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Greenlight Bookstore opening second store in PLG high-rise • Brooklyn Paper

Greenlight Bookstore opening second store in PLG high-rise

Growing some spines: Renderings of the 626 Flatbush development, where Greenlight Bookstore will open its second location.
Marvel Architects

Talk about getting in the good books!

Fort Green’s Greenlight Bookstore has inked a deal to open an outlet inside a controversial new Prospect Lefferts Gardens apartment building next year, and locals say the developer made a canny decision recruiting such a beloved store to its hated high-rise.

“I think it’s incredibly shrewd,” said Tim Thomas, author of neighborhood blog the Q at Parkside and Community Board 9 member. “The ties with the community will be nearly instantaneous.”

The store will occupy part of the still-rising 626 Flatbush development — a 23-story building that many neighbors fought to stop, arguing it will cast a shadow over nearby Prospect Park — alongside local pre-school the Maple Street School, which already signed a lease earlier this year.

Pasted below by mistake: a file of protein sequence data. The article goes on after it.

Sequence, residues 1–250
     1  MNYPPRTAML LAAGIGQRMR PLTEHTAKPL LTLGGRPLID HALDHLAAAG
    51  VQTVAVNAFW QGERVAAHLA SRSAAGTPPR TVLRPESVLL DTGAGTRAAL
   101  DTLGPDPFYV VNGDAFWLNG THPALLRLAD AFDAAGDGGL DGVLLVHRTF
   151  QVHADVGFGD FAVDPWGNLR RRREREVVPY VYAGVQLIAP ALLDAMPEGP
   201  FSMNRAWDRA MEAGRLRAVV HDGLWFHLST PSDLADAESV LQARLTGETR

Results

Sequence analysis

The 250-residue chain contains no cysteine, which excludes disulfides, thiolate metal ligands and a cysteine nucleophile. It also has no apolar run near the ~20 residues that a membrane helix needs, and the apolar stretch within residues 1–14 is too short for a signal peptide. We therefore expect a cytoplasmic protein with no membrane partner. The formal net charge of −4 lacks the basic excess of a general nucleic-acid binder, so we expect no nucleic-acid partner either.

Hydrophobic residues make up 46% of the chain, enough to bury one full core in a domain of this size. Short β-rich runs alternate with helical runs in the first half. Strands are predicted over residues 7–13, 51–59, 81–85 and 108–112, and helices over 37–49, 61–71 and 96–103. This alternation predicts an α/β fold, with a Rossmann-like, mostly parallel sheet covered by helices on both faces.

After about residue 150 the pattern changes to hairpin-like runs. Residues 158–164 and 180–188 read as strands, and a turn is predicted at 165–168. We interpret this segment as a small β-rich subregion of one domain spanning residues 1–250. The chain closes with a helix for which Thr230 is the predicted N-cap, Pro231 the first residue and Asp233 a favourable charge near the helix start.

Some residents may not love the structure above it, but Greenlight’s owners believe their emporium will be a boon to the currently bookstore-barren neighborhood.

“If you look at that geographical part of Brooklyn, you have to go pretty far to find a bookstore,” said Greenlight co-owner Rebecca Fitting, a Prospect Lefferts Gardens resident herself.

Greenlight, which has been slinging titles at Fulton and S. Portland streets since 2009, often partners with other local outfits like the Brooklyn Academy of Music and St. Joseph’s College to host readings with big-name authors — in October alone, it staged events with Ta-Nehisi Coates, Kristen Hersh, and Gloria Steinem — and the book dealers say they plan to continue that tradition in the new location.

“Our hope is to do that model in a Prospect Lefferts Gardens kind of way,” said co-owner Jessica Stockton-Bagnulo. “It won’t be exactly like that store, but it will use that model of partnering with local institutions to do what’s right for that neighborhood.”

Thomas doesn’t think the high-rise-haters will hold Greenlight’s new location against it. In fact, the store — which often hosts politically-charged readings and authors — may count the activists who fought the building amongst its new customers, he said.

“I don’t think Greenlight will suffer,” he said. “It’s a great store, with not a little bit of anti-establishment bent … and even the 626 fighters will undoubtedly shop there with a clear conscience.”

Reach reporter Colin Mixson at cmixson@cnglocal.com or by calling (718) 260-4505.
How Fitting: Greenlight Bookstore co-owner Rebecca Fitting outside the store's original location in Fort Greene.
Photo by Stefano Giovannini

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